The back-to-school season is typically a time when social anxiety can become more noticeable or begin to interfere with our children’s daily routines and behaviours. Two plus years of pandemic life have certainly added additional worries and unpredictability when it comes to how our kids make sense of the world.
What is social anxiety in children?
Social anxiety is typically described in children who have difficulty meeting other children or joining groups or who avoid social situations in which they might become the focus or stand out, such as having to answer questions in class or speak in front of others.
The signs of social anxiety can go beyond social behaviour and extend to physical symptoms such as nausea, stomach aches, shakiness, and flushing. However, both the emotional and physical symptoms can easily go unnoticed by parents/teachers and caregivers because children with social anxiety can often resort to being quiet, obedient, and reluctant to share their struggle.
How to support a child with social anxiety
Social anxiety should be acknowledged and supported so that children feel validated and heard in their struggle. This can begin by talking about it together or even sharing stories about worries parents/caregivers had themselves when they were younger.
To help externalize the anxiety, work with your child to come up with a name for it. Perhaps even give it a colour and shape. Talk about the anxiety as something separate from the child. Come up with a list of how it tries to get in the way, and then collaborate on ideas for how to ask anxiety to give your child some space. For example, “What if we tell Anxiety what to expect before we get there?” Role-playing can be very helpful for this kind of work.
Next, have your child challenge the thoughts that Anxiety causes by looking for evidence about what is true and what it is only a thought, by asking questions such as: “How do you know that?” Recalling other situations in which your child was able to cope despite their anxiety can help to provide evidence that Anxiety isn’t always telling them the truth about what they can do.
How to help your child navigate social situations
It’s a good idea to start as small as possible when practising social situations. Begin by reassuring your child that you will help them try to the best of their ability and that if Anxiety comes, it’s ok for them to take a break. Scolding or forcing your child should be avoided as it can cause them to internalize a sense of failure and contribute to greater anxiety in the long run.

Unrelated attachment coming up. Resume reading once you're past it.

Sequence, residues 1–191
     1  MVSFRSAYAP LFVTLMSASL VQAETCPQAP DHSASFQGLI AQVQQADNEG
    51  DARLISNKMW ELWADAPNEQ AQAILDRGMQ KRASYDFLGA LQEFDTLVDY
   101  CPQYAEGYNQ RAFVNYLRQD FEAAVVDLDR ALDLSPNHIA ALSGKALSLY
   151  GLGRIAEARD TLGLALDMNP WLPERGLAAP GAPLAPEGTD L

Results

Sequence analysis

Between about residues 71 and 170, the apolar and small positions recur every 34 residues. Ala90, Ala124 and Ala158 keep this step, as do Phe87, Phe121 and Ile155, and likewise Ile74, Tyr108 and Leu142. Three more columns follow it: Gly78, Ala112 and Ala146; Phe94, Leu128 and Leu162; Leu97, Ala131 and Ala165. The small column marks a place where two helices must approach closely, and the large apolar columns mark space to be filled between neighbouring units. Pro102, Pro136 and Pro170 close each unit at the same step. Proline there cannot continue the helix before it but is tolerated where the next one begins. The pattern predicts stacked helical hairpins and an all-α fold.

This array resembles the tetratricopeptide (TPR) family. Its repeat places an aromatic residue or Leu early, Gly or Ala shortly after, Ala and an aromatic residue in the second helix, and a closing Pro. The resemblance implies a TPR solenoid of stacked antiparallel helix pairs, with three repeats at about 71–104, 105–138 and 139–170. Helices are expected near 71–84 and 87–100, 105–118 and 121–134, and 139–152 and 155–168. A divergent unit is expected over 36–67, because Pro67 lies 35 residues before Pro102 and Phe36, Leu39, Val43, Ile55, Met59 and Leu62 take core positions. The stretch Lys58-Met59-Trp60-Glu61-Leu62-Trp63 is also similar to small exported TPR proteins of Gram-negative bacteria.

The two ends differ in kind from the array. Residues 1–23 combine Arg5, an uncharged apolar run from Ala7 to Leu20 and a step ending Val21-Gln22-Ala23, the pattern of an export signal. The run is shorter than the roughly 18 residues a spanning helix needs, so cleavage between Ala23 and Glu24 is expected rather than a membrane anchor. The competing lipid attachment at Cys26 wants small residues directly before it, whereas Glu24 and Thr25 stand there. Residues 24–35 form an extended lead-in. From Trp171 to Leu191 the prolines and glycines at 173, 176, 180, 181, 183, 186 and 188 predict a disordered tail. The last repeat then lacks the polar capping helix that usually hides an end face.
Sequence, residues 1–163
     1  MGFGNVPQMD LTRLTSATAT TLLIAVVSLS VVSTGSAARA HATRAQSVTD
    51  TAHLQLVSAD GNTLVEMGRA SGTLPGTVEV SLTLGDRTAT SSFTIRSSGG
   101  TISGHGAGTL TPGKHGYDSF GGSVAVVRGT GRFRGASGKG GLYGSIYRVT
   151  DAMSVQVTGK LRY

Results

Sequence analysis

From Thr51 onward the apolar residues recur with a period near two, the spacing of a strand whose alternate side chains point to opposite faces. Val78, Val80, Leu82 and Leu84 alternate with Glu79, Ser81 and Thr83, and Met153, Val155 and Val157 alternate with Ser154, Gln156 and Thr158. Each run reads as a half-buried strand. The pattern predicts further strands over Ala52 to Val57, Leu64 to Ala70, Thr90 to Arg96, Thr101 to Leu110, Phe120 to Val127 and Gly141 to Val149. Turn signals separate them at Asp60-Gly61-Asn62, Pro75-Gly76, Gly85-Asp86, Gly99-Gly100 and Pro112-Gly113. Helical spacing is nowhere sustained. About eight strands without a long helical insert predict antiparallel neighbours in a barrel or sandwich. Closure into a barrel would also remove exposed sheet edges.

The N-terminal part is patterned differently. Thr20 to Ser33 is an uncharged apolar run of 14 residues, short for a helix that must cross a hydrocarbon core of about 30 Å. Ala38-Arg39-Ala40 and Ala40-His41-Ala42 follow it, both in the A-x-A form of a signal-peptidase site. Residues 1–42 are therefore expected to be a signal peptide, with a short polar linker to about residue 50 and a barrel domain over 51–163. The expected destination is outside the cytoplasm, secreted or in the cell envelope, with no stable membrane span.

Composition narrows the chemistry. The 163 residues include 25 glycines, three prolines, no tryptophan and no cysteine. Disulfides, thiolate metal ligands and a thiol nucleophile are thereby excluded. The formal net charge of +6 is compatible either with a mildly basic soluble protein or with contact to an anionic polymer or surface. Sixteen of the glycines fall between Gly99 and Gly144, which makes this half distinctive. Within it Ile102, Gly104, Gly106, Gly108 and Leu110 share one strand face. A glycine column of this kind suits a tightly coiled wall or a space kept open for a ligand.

If you need to speak for your child, take a moment to see if they can try themselves first. Then, ask them if it’s okay for you to help them with their response “this time” in order to model how to manage the social situation positively and without distress.
What to do if you need help to support your child
If you feel your child needs more help than you are able to provide, it’s a good idea to check in with their family doctor. You can also book an appointment with a mental health care provider that specializes in anxiety and children and who can also direct you to additional community resources.
Let others who spend time with your child know that they are struggling, as it may not be obvious in settings like school. Share the strategies that you are using at home so there is consistency and predictability.
Remember to check in with yourself
When our children struggle, it can trigger a lot of our own emotions and thoughts. Find a supportive outlet for managing your own emotions and check in and ground yourself before and after supporting your child. Finally, follow your instincts about your child’s needs, you know them best.
Louise Gleeson is a Registered Therapist (Qualifying) with College of Registered Psychotherapists of Ontario. One of Louise’s areas of interest includes family relationships and parenting. Louise uses evidence-based modalities and an integrative approach in order to help her clients receive treatment that is personalized to their unique needs.